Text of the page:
Milwaukee is experiencing unprecedented development in downtown, but the benefits of which are not extending to economically vulnerable communities. As a form of tactical urbanism, the Mobile Design Box (MDB) was initiated in 2014 as a partnership between the School and community allies in select commercial corridors to activate vacant storefronts in neighborhoods surrounding downtown. MDB is a partnership between residents, BIDS, arts organizations, developers, Milwaukee’s DCD, cultural institutions, and the School to convert vacant commercial spaces in neighborhoods into temporary hubs for community, arts, and education. The long-term intent is to generate a new lessee for the space, then relocate the MDB into another vacant storefront in the neighborhood and start over.
Each corridor has undergone a resident engaged planning process for redevelopment that is aligned with several comprehensive commercial corridor plans articulated within a citywide initiative called MKE United. This action plan works to ensure that investments are extending from downtown into neighborhood corridors towards a more inclusive and vibrant community.
Key objectives are to attract investment in commercial corridors and reduce vacant properties; improve the quality of life for residents; make each corridor safer and change negative perceptions; attract new tenants and potential investors; provide high-quality arts, design, and opportunities for civic engagement for residents; build social cohesion and strengthen the unique identity of each corridor, and connect students from the School to real world projects and venues for community engagement.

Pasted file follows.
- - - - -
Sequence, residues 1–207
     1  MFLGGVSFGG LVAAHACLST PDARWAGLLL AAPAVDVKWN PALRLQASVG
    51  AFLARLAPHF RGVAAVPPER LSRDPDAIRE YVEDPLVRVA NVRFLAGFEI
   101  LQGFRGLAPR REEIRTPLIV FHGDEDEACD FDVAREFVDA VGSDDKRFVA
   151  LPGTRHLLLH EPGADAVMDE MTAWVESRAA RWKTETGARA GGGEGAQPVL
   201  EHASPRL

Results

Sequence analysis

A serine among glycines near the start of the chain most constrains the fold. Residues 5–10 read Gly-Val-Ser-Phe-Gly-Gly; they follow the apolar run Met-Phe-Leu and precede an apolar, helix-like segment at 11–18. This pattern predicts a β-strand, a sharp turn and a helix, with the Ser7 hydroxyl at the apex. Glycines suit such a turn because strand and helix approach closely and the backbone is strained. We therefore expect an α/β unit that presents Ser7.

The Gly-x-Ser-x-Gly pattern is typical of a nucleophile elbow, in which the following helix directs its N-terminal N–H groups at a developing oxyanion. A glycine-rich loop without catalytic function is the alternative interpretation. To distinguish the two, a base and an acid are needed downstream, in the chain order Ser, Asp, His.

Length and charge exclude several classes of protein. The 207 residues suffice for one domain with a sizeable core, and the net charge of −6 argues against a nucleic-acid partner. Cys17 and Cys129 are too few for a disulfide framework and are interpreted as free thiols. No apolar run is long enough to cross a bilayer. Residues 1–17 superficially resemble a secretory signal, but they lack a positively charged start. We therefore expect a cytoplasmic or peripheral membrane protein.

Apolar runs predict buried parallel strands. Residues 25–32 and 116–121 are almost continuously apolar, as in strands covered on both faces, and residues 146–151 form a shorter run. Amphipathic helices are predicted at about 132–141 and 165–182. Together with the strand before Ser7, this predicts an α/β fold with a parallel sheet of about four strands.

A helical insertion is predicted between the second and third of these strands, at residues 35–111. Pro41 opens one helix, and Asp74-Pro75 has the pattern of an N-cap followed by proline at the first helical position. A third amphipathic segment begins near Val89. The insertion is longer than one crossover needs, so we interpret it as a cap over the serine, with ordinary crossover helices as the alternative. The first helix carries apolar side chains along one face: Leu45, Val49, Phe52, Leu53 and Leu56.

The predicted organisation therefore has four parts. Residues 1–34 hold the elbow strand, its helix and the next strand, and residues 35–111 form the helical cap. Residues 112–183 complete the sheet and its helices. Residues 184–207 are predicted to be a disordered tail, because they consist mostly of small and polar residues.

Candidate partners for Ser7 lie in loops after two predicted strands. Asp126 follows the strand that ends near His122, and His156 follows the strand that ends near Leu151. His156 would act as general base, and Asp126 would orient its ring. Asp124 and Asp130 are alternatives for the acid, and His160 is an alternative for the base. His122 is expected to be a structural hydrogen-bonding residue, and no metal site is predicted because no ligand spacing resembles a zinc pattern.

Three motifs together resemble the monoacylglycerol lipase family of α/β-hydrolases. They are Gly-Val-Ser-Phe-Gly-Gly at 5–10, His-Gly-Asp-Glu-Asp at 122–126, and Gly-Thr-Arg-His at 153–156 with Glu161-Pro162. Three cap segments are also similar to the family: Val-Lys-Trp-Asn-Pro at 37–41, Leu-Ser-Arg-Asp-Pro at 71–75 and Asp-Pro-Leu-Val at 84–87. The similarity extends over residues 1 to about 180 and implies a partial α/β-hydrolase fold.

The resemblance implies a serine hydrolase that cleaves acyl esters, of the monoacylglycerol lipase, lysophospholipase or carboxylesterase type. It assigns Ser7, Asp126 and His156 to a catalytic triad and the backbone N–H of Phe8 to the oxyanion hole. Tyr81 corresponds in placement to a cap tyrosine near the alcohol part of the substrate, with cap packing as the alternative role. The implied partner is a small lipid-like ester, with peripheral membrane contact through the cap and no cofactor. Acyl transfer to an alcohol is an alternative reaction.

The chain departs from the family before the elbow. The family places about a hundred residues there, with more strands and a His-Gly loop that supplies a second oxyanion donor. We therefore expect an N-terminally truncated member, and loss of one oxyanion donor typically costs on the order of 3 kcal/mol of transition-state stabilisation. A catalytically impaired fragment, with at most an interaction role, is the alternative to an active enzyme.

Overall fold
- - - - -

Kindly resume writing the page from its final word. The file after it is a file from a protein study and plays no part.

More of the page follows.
The Mobile Design Box has occupied 3 empty storefronts since 2014
The North End
(1551 N. Water St. currently Birch + Butcher), in partnership with Mandel, Inc.
The Historic Pritzlaff Building
in partnership with Kendall Breunig, Sunset Investors
Near West Side (753 North 27th Street, Historic Concordia / Near West Side)
in partnership with Wiegand Enterprises, Near West Side Partners, Quorum Architects, Hark Design Collaborative, Marquette University Social Innovation Initiative
More Than One in Five is an exhibition hosted by the National Organization of Minority Architecture Students (NOMAS) at UWM to showcase the work of the next generation of architects and designers at the Mobile Design Box. MIAD students will also be showcasing New Genre Work: Process- From Start to Finish where students present work exhibiting the process of collaborative temporary public art.
Community Artist : Iris Acevedo “Your One of a Kind” A Fashion Narrative about identity, healing and restoration.
UWM Architecture Studio : In Situ “Small is beautiful.” Exploring the aesthetic power of small-scale architectural interventions.
Plywood Toys: ARCH 420 students embarked on an ambitious semester trying to understand the relationship between kids, play, and architecture. Using a limited vocabulary of simple shapes and a single material palette of 5/8” Baltic birch plywood students teamed up to design a construction toy for a child that is transformable. Inspiration was drawn from Ann Tyng’s Tyng Toy and Ray and Charles Eames’ The Toy.